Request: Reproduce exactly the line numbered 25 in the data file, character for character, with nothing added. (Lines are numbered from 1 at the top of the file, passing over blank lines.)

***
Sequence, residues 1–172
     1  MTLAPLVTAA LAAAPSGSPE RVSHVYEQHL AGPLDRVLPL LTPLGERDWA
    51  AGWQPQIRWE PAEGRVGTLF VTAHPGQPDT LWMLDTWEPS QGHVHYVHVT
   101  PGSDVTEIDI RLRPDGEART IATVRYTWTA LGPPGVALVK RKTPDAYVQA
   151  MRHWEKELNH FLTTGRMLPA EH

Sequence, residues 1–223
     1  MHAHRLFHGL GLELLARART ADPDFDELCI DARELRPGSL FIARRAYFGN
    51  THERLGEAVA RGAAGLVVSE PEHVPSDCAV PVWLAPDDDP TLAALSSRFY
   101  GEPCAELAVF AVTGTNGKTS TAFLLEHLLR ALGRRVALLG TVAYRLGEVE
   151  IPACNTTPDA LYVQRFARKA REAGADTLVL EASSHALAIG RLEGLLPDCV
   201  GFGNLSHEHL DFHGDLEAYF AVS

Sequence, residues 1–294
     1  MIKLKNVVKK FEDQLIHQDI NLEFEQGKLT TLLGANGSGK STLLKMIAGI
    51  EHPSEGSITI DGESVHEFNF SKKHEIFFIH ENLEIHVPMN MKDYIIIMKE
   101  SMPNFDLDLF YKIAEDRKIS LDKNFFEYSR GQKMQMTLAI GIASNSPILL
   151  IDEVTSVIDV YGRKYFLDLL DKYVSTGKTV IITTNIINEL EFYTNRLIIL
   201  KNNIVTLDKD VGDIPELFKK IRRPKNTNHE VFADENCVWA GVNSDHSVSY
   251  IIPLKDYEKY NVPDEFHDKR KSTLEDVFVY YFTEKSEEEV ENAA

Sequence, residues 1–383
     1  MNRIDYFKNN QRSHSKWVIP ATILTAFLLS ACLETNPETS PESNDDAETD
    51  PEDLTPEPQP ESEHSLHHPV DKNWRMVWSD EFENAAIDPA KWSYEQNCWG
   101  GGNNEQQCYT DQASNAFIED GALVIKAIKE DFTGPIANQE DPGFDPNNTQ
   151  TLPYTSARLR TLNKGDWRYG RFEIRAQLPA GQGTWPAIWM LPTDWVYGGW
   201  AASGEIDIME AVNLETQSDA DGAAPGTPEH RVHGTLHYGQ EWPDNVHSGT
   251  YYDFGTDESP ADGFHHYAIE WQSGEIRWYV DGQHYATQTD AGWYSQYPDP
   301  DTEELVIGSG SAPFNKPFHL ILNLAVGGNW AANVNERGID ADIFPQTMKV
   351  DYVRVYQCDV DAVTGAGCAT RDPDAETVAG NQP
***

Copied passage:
   251  YYDFGTDESP ADGFHHYAIE WQSGEIRWYV DGQHYATQTD AGWYSQYPDP